So what has led me to adopt this particular approach? How did I come to inhabit this particular niche in the private investor biosphere?
Do you remember your first savings account? Mine was a Post Office savings account, with a little passbook. It actually paid a ridiculous rate of interest - something like half a percent per year - but that was before I discovered yield. It was a kind of thoughtless financial discipline that provided a record of minor transactions, but little more.
And your first investment? A few years later, with a little money in my pocket, I managed to buy (by post!) some units in a fund. Why that particular one I don’t remember - there were hundreds on offer and it was a random choice - but the snow-capped mountain that figured in the publicity seemed to suggest solidity and deep geological processes at work. That was before I discovered fees and the Total Expense Ratio. Unsurprisingly, it lost money: for me, that is - not for them.
As I grew older and wiser I learnt how to buy shares by myself, although at this stage via the expensive assistance of my high-street bank, collecting an odd assortment of share certificates. This was something still tangible, like my old post office savings passbook. I even worked out how to transfer these certificates to my wife's name (to reduce tax liability) - a question of getting the right form, filling it in and posting it off with the certificate.
There was no great method to identifying which shares to buy, although I did focus on the London Stock Market. Magazine tips seemed to end up losing value. Little by little it dawned on me that no-one really knew what was going to happen in the Stock Market: welcome to the world of DIY investment.
But I still did not have a coherent investment strategy but I became more aware that I needed a strategy that limited risk and avoided paying tax, if possible.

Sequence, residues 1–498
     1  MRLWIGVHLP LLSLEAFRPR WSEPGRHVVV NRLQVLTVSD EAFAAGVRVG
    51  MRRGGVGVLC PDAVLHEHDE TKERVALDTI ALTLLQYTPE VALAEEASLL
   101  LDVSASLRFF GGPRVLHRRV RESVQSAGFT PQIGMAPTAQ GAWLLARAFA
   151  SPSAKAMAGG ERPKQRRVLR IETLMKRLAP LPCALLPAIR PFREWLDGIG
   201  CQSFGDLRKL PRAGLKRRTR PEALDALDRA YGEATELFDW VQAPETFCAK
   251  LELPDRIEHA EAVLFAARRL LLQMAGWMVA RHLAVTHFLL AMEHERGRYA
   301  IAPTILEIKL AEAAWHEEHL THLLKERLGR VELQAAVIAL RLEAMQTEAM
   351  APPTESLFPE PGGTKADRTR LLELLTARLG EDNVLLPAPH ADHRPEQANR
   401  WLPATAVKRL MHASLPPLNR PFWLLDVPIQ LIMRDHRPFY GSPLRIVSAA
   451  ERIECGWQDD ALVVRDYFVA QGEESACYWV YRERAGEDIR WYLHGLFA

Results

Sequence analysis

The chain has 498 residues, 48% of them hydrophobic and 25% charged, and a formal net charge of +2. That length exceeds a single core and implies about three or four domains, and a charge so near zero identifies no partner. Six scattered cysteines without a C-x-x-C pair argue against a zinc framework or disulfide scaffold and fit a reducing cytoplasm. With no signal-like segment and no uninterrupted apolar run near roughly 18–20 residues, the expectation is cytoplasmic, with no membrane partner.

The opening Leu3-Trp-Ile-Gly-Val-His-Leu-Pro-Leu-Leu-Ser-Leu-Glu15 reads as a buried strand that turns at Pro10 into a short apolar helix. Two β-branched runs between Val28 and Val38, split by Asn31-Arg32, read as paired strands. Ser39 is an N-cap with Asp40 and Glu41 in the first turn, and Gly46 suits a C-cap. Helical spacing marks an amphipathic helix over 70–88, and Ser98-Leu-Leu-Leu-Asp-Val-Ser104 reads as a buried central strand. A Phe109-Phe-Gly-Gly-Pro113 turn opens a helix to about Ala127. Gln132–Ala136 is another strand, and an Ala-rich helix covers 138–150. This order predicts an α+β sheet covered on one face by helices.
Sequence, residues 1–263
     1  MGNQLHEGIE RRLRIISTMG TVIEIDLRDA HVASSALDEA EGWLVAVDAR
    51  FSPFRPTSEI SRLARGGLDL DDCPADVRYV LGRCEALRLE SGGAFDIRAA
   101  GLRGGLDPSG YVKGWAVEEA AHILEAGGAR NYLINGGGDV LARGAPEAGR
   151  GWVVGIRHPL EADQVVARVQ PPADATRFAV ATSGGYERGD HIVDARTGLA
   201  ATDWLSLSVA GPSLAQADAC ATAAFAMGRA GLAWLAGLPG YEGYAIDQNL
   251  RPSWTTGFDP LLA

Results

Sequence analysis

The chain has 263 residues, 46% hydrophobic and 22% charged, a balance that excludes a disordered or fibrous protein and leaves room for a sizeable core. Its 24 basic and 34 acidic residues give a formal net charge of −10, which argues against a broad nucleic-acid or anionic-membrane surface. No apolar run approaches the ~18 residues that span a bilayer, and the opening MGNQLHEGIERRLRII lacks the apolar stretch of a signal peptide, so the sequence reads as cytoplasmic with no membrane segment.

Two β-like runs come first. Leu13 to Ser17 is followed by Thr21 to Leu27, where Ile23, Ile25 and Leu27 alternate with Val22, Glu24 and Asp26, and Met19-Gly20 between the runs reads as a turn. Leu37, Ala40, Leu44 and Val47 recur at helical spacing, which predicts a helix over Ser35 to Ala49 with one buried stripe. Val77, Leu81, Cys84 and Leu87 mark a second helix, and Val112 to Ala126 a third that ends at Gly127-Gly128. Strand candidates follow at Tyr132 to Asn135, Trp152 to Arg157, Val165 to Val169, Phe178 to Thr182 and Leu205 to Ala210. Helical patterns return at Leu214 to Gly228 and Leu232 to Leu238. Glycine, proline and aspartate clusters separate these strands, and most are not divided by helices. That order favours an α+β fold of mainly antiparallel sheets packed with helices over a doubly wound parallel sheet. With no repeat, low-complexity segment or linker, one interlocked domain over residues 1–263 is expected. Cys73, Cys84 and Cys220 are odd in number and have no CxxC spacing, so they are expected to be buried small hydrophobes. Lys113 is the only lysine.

Then I had a windfall from the shares of my employer, when the company floated. For the first time in my life, I used all of my Capital Gains Tax allowance and sold - year after year. In retrospect the limitation of the CGT allowance was the best thing that happened to me - otherwise I would have sold the lot all at once. With the profits I diversified my share holdings, including my first experiments with fixed-income investments like corporate bonds.
Then several developments seemed to come together: tax-protected ISA accounts were introduced (I had not taken out the previous PEPs) and the costs of internet-based brokers fell substantially. Self-Invested Personal Pensions became available for ordinary investors. Off went the paper share certificates and my investments became electronic - and tax-free.
So what do you do when your focus changes from trying to make money on the stock market to trying to protect the gains that you have made? This was when my eyes were opened and I started investing primarily for yield: high-yield dividend shares, corporate bonds, preference shares and so on. And diversifying; trying to hold on to what I had gained and aiming to grow the income, cautiously, myself - a DIY Income Investor.
(A version of this article appeared previously on Citywire Money.)
I am not a financial advisor and the information provided does not constitute financial advice. You should always do your own research on top of what you learn here to ensure that it's right for your specific circumstances.